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Canadian Regulators Reach Deal With Apple, Publishers on eBook Pricing Controls

There is much gnashing of teeth today in Toronto as the Canadian Competition Bureau defeats Kobo’s years-long effort to avoid competing with Amazon.

Canada’s business competition watchdog said on Friday it had reached an agreement with Apple and three major ebook publishers that will allow retailers to offer discounts to customers.

The Competition Bureau’s investigation found that an arrangement between the publishers and Apple led to higher prices for Canadians.

The watchdog said it had entered into consent agreements with Apple, Hachette, Macmillan and Simon & Schuster that will let other retailers, including Amazon and Kobo, give discounts on ebooks by those publishers.

The Competition Bureau, however, was unable to reach an agreement with a fourth publisher involved, HarperCollins, and filed an application to order it to halt its alleged anti-competitive practices.

The U.S. Supreme Court last year declined to hear Apple’s challenge to a court decision that it conspired with five publishers to increase ebook prices.


Both Kobo and Amazon were queried for comment; the latter has not responded, but Kobo released the following statement.

"We will review the decision that has been made, and will work with publishers as their terms change," said Michael Tamblyn, CEO, Rakuten Kobo. "We will continue to offer our customers the best eReading experience here in Canada as we do around the world. Everything we do is for the reader; as always, we will continue to offer Canadian consumers a great selection of books with regular promotions and discounts, taking advantage of these changes to encourage even more people to read digitally."

You should take Kobo’s statement with a grain of salt; this is the same company that spent two and a half years fighting a 2014 settlement agreement which would have ended agency pricing in Canada.

Kobo appealed that agreement, arguing that they could not compete effectively with Amazon if ebook retailers were allowed to lower prices. They won their appeal in June of last year, forcing the CCB to discard the 2014 agreement.

And now their work has come undone – but you shouldn’t celebrate just yet.

Yes, Apple and three publishers have settled, but what were the terms of the settlement? Are consumers really going to benefit?

Remember, when the DoJ settled with 5 publishers in 2012 and 2013, that agreement allowed for only limited discounting. And then that agreement expired, after which agency pricing returned to the US ebook market.

Will Canada follow a similar path?

The CCB has not released the settlement agreement itself, so that question cannot be answered.

Edit: The settlement agreements are pretty weak tea. All four companies agreed to give up MFN clauses for three years, and the publishers agreed to give up agency pricing for a grand total of nine months.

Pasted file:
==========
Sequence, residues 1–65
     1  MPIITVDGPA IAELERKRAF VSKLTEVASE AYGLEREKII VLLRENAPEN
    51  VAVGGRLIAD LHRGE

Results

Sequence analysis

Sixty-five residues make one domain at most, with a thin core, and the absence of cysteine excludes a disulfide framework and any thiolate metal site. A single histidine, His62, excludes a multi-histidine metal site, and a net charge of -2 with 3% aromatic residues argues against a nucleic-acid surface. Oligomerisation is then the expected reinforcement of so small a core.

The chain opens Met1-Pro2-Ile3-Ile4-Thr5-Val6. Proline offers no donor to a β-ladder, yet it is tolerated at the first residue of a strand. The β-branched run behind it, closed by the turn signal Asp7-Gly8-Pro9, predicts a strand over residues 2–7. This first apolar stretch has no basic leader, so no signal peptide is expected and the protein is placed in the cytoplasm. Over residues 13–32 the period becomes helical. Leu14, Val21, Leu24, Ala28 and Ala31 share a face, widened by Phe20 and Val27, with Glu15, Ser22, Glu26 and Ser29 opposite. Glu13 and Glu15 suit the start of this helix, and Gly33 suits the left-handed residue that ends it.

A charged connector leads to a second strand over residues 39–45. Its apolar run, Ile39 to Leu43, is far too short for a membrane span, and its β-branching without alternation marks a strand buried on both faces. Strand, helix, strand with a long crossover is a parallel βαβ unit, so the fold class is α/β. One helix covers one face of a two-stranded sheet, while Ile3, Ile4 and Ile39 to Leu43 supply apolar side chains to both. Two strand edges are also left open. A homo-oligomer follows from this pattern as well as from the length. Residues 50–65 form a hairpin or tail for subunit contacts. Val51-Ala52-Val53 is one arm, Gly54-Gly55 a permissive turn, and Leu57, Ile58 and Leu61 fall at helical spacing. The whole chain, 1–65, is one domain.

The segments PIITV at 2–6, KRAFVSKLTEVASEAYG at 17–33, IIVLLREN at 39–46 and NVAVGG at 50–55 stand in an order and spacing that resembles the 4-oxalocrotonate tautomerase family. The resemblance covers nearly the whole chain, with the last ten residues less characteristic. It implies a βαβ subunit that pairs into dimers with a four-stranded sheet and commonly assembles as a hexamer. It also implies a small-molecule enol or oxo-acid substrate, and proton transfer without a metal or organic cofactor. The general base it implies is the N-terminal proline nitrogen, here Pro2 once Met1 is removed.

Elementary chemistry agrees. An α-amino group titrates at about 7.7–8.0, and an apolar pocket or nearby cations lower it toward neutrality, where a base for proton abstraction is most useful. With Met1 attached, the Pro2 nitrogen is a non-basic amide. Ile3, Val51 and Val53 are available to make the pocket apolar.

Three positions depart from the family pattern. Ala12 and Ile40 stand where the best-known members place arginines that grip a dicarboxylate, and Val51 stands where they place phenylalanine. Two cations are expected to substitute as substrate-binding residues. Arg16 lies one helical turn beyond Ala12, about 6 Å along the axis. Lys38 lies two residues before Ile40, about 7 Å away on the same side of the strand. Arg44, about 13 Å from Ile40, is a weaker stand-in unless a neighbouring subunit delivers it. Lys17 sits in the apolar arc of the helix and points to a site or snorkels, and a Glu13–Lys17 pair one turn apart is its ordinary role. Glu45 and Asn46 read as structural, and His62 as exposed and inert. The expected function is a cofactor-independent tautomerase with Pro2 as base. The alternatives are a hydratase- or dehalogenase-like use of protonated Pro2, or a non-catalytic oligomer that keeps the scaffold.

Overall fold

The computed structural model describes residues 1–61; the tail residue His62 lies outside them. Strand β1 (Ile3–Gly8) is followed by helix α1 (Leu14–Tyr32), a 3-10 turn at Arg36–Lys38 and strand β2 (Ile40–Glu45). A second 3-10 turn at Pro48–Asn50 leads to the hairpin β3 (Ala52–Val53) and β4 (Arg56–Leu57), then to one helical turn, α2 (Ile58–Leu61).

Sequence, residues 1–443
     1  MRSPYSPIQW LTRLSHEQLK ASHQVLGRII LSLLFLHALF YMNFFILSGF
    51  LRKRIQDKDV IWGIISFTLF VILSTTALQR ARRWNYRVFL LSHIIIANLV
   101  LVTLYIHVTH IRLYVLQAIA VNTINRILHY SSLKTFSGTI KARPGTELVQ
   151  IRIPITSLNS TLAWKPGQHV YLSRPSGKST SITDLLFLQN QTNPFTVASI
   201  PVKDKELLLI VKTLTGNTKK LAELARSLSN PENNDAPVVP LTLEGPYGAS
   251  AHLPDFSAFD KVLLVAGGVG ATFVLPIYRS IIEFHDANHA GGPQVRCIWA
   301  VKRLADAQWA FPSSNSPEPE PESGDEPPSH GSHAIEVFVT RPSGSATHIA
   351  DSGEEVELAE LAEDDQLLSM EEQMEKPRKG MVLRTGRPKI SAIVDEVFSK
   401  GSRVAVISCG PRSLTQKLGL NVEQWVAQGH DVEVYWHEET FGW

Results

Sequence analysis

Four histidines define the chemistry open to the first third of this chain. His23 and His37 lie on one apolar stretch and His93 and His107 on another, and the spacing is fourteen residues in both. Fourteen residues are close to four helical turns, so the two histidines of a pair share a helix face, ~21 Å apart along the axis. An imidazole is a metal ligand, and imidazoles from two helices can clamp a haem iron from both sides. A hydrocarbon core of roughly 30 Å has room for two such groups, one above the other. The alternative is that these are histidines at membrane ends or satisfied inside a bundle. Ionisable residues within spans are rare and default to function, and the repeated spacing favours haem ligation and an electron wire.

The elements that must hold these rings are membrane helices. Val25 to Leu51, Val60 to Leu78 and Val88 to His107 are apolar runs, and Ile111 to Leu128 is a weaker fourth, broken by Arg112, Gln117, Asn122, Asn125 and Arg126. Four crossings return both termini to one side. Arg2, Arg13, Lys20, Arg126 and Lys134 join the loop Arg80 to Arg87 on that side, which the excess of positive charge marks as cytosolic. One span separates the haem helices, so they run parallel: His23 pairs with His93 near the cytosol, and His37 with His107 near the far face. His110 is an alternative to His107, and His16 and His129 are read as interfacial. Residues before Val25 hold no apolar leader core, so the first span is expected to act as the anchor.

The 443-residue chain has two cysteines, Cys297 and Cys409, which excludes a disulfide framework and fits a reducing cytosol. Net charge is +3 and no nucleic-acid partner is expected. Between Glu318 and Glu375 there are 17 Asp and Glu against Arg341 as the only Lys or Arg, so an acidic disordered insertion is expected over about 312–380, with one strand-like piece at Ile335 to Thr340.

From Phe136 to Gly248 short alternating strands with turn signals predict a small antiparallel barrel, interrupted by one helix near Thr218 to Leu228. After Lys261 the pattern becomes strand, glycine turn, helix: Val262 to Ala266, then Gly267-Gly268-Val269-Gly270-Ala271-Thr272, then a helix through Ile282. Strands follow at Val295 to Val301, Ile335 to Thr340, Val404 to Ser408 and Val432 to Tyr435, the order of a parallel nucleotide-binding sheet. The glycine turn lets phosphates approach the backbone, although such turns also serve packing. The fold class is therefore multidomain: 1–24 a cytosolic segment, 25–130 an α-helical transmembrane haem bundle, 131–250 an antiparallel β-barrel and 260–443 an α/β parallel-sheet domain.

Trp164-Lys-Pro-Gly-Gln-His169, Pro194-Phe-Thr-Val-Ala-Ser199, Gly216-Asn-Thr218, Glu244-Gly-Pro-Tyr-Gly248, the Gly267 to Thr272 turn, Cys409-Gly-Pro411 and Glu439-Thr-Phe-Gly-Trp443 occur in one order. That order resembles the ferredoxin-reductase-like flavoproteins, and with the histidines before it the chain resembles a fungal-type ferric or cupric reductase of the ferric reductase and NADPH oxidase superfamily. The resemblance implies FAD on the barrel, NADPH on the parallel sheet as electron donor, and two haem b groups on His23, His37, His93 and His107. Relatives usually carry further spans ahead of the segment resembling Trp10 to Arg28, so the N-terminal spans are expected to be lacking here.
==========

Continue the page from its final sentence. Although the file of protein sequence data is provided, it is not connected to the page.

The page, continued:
That’s not nine years or nineteen months; we’re talking three quarters of price competition in Canada before the publishers can reassert control.

Reporting by Leah Schnurr, editing by G Crosse, commentary and background by Nate Hoffelder

image by statschew

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1 January 20, 2017 um 10:44 pm

"All four companies agreed to give up MFN clauses for three years, and the publishers agreed to give up agency pricing for a grand total of nine months."

Well that’s a disappointment.

Thanks for researching the terms of the aggreement.
All the other articles I’ve read didn’t bother to even wonder, let alone find the answer.

Nate Hoffelder January 20, 2017 um 11:21 pm


I will follow up with another post which covers that part specifically. I think it is pretty damn important because it shows that the consent decree is meaningless.

And do you know what is funny about no one else bothering to ask?

It’s that the consent decrees were linked to from the press release. The links were down at the very bottom of the page – the part where no one bothered to look.

Alexander Inglis January 20, 2017 um 11:33 pm

But as a practical matter, ebook prices on Amazon .ca and Kobobooks .ca are in lock step and have been for years. Whether anything changes remains to be seen.

Darryl January 21, 2017 um 5:57 am

Nothing will change. Apple compete on price? That I would like to see. Unfortunately for Consumers the days are over when Amazon was willing to throw its onw money at the problem and fund reasonable prices. Now Amazon are happy let Agency Publishers shoot themselves in the foot. They make money selling agency ebooks. They make money selling Big 5 print books. And they make money selling their own books and self-published books, the latter two at far more reasonable prices than the Agency publishers. Price Competition in Book sales in Canada is dead and going to stay that way for the imte being, except for competition between traditionally published books and Indie/Self Published books. With the latter continually gaining more market share.

Nate Hoffelder January 21, 2017 um 7:57 am


HarperCollins Settles Canadian eBook Price-Fixing Dispute, Gets a Slap on the Wrist | The Digital Reader January 13, 2018 um 7:36 pm

[…] January the Canadian Competition Bureau announced that it had reached a settlement with Apple and three of the major Canadian publishers for their […]

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